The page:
bahahaha, WHAT?!?

      May 31, 2013 at 11:30 am |
    • JMEF

      Which god, Topher, Dionysus was one kick ass god that I wish was still around.

      May 31, 2013 at 11:31 am |
    • Vic

      "Even if there is only one possible unified theory, it is just a set of rules and equations. What is it that breathes fire into the equations and makes a universe for them to describe?"

      "The usual approach of science of constructing a mathematical model cannot answer the questions of why there should be a universe for the model to describe. Why does the universe go to all the bother of existing?"

      "If we do discover a complete theory, it should be in time understandable in broad principle by everyone. Then we shall all, philosophers, scientists, and just ordinary people be able to take part in the discussion of why we and the universe exist."

      Stephen Hawking

      May 31, 2013 at 11:33 am |
    • ME II

      Understanding how the stars, sunsets, and biology really work actually increases one's sense of awe and wonder.

      May 31, 2013 at 11:33 am |
    • Topher

      Daniel

      What if there's more to it than just "being lazy" and simply saying "God did it." What if there's reason to believe there had to be a Creator?

      May 31, 2013 at 11:34 am |
    • Topher

      JMEF

      So you believe in Dionysus?

      May 31, 2013 at 11:35 am |
    • ME II

      "Because there is a law such as gravity, the universe can and will create itself from nothing," he writes. "Spontaneous creation is the reason there is something rather than nothing, why the universe exists, why we exist.

      "It is not necessary to invoke God to light the blue touch paper and set the universe going." – Stephan Hawking (as quoted at http://www.guardian.co.uk/science/2010/sep/02/stephen-hawking-big-bang-creator)

      May 31, 2013 at 11:36 am |
    • JMEF

      Topher
      Just interested in how many creation myths have you read other than the bible one? There are many and the one closest to a scientific explanation is in the Hindu religious tomes.

      May 31, 2013 at 11:38 am |
    • Topher

      ME II

      So wait, Stephen Hawking believes nothing created everything (a scientific impossibility)? And he believes an effect can also be its own cause (another impossibility)?

      May 31, 2013 at 11:38 am |
    • Topher

      JMEF

      I've read a few, but its been awhile. What does that one say and why is it better?

      May 31, 2013 at 11:40 am |
    • HotAirAce

      If I want to read fiction, especially a good supernatural horror story, I read King (and other fiction writers).

      If I want to understand the universe and science, I read Hawking, Dawkins, Krauss (and other scientists).

      I don't read fiction (such as The Babble) to understand science.

      May 31, 2013 at 11:41 am |
    • Daniel

      Anyone who has settled on an answer without all the facts is lazy. Period.

      May 31, 2013 at 11:45 am |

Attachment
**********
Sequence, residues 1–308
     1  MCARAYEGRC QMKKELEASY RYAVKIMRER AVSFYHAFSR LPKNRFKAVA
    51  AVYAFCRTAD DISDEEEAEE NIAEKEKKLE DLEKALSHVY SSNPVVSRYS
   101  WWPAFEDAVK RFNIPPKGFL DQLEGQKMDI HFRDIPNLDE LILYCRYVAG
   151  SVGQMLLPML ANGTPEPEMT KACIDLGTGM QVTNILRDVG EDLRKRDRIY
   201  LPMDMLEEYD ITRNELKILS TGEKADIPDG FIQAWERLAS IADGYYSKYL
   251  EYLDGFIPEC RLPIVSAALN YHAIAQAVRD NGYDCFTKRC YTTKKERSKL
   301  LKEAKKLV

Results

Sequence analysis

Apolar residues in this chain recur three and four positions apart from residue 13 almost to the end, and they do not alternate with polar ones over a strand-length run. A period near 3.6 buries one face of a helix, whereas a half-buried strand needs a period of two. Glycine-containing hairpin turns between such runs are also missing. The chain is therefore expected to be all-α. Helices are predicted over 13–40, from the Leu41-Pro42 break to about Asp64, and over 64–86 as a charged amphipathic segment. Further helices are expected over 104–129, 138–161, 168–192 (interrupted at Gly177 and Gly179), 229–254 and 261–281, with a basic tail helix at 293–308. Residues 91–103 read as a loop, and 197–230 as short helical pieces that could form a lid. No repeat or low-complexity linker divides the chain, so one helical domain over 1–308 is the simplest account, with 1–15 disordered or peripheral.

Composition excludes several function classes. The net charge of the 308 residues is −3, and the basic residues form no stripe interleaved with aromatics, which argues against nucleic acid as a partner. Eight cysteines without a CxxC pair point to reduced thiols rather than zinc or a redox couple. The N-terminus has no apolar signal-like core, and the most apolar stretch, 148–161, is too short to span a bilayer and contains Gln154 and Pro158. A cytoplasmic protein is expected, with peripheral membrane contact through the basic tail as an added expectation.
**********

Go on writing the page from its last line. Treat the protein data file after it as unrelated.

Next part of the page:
• Topher

      As we just learned, Hawking believes everything came from nothing. Dawkins believes we come from space aliens. I'm glad these men have as much faith as I do.

      May 31, 2013 at 11:46 am |
    • HotAirAce

      Topher, how many scientists, not from Liberty University or its ilk, claim that Darwin, Hawking, Dawkins, Krauss, etc. are completely wrong? How many credible scientists conclude their scholarly papers with "my god did it!"?

      May 31, 2013 at 11:46 am |
    • Topher

      Daniel

      I COMPLETELY agree.

      May 31, 2013 at 11:47 am |
    • Secular Humanist from Ohio

      Topher. Hawking, Krauss and others are demonstrating that it is scientifically plausible that something can come from nothing, thus scientifically possible. Counter intuitive yes, but intuition isn't all it's cracked up to be.

      May 31, 2013 at 11:47 am |
    • ME II

      @Topher,
      Read the article, or better yet some of Hawking's books.

      Is "something from nothing" really a "scientific impossibility" ? What basis do you have for that?

      I think one approach is that virtual particles come into existence in paired opposites which doesn't change the total energy/matter level in the universe. Hypothetically, at a universal level this might explain the estimated total energy level of the universe being nearly zero, i.e. the Big Bang singularity was a virtual particle. (I'm sure I oversimplified this completely, just food for thought.)

      May 31, 2013 at 11:48 am |
    • Topher

      Secular Humanist from Ohio

      "Hawking, Krauss and others are demonstrating that it is scientifically plausible that something can come from nothing, thus scientifically possible. Counter intuitive yes, but intuition isn't all it's cracked up to be."

      How are they demonstrating this? If you have nothing, how can that turn into something? Where else is that demonstrated in nature?

      May 31, 2013 at 11:52 am |
    • ME II

      @Topher,
      "Dawkins believes we come from space aliens"

      This is a gross misrepresentation. The video clip usually referenced for such claims was a response to a specific question, not a statement of what Dawkins thinks actually happened. This was a fake-u-mentary film by supporters of ID and thoroughly discredited at http://www.expelledexposed.com/

      May 31, 2013 at 11:52 am |
    • Topher

      ME II

      "Is "something from nothing" really a "scientific impossibility" ? What basis do you have for that?"

      Isn't it? Can you ... or anyone, for that matter ... create for me a mere grain of sand without starting with something?

      And even the Big Band singularity (if you believe in that) was SOMETHING. It wasn't "nothing." Where did it come from?

      May 31, 2013 at 11:55 am |
    • ME II

      @Topher,
      I think virtual particle creation and disappearance is evidenced by Caisemer effect experiments, but I may be mistaken.